News Briefs – December 3, 2018


Ukraine urges NATO to deploy ships amid standoff with Russia

The Ukrainian president is urging NATO to deploy naval ships to the Sea of Azov amid a standoff with Russia.
President Petro Poroshenko made the call in an interview with the German daily Bild published Nov. 29, saying that “we hope that states within NATO are now ready to relocate naval ships to the Sea of Azov in order to assist Ukraine and provide security.”
In the Nov. 25 confrontation, the Russian coast guard fired on and seized three Ukrainian vessels that sought to pass from the Black Sea into the Sea of Azov through the Kerch Strait, between Russia’s mainland and the Crimean Peninsula it annexed from Ukraine.
Ukraine insisted that its vessels were operating in line with international maritime rules, while Russia said they had failed to get permission to pass. AP

Iran says it has added 2 mini submarines to its naval fleet

Iran’s state TV says the country’s navy has acquired two new mini submarines designed for operations in shallow waters such as the Persian Gulf.
The Nov. 29 report says the one of the submarines — also known as midget submarines — was built in 18 months. The other, previously built, took 10 months to overhaul.
The report says the two Ghadir-class submarines have sonar-evading technology and can launch missiles from under water, as well as fire torpedoes and drop marine mines. Iran began manufacturing Ghadir subs in 2005. The first was unveiled in 2007 and by 2012, five such submarines were incorporated into Iran’s navy.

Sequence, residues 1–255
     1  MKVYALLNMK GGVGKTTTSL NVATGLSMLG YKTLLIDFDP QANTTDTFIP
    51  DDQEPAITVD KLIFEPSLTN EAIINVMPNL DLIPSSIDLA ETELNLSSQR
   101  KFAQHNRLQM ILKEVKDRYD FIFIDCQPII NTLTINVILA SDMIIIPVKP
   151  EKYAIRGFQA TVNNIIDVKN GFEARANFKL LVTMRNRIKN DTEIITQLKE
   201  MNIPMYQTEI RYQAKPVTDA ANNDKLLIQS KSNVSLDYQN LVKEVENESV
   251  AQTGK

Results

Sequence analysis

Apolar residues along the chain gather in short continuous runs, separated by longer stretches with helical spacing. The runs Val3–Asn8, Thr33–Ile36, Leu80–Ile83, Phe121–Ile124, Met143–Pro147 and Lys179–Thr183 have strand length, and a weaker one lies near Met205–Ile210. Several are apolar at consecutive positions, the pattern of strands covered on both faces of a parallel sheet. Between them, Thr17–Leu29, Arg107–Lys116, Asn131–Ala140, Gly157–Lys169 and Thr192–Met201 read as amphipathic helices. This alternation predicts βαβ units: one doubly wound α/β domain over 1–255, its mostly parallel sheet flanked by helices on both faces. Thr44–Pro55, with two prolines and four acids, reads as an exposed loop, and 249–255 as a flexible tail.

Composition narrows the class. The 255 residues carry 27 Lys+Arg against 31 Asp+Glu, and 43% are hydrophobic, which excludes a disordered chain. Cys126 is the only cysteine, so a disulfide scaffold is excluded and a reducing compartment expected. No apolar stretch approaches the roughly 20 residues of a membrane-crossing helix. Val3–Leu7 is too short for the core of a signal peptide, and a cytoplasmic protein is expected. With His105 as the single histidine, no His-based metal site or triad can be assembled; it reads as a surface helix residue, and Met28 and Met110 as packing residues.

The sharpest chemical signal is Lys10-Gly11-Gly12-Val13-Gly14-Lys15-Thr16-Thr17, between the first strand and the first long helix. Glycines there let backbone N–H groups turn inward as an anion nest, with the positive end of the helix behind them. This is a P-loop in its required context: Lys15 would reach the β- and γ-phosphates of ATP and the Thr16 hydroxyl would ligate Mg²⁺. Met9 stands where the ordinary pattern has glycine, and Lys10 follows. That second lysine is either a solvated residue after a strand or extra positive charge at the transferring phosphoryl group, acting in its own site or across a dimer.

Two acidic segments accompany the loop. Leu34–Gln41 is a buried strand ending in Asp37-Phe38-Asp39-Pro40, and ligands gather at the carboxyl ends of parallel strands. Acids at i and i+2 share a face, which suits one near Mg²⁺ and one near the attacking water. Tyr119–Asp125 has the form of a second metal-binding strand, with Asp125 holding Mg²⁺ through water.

Midget submarines weigh less than 150 metric tons and are used for short missions, with no living accommodations for a crew of up to nine. AP

China expresses concerns over U.S. warships in Taiwan Strait

China says it expressed concerns to the U.S. over the passage of a pair of Navy warships through the Taiwan Strait, days ahead of a planned meeting between President Donald Trump and his Chinese counterpart Xi Jinping.
Foreign Ministry spokesman Geng Shuang told reporters Nov. 29 that Taiwan was the “most important and sensitive issue” in relations between the sides.
China’s defense ministry also said it had closely followed the warships’ passage.
The 100 mile-wide Taiwan Strait is split down the middle between Taiwan and China, but there is no international law restricting civilian or military shipping from passing through it.
Trump and Xi met in Argentina Dec. 1 amid tensions over self-governing Taiwan and a brewing trade war between the sides. AP

U.S. pilots want more training on new Boeing jet after crash

Pilots at American Airlines are asking for more training with the automated anti-stall system on certain new Boeing jets. The system is under scrutiny after a deadly crash in Indonesia.
Pilots union spokesman Dennis Tajer said Nov. 29 that the request followed a meeting between several American Airlines pilots and Boeing representatives. Boeing also met with Southwest Airlines pilots.
Indonesian investigators are probing whether pilots on an Oct. 29 Lion Air flight were overwhelmed when faulty sensor readings activated the anti-stall system and automatically pushed the nose of their plane down. The Boeing 737 MAX plunged into the Java Sea, killing 189 people.
The anti-stall system differs from those in previous Boeing 737 models.
Boeing says the MAX is safe and there is a procedure for stopping the nose-down command. AP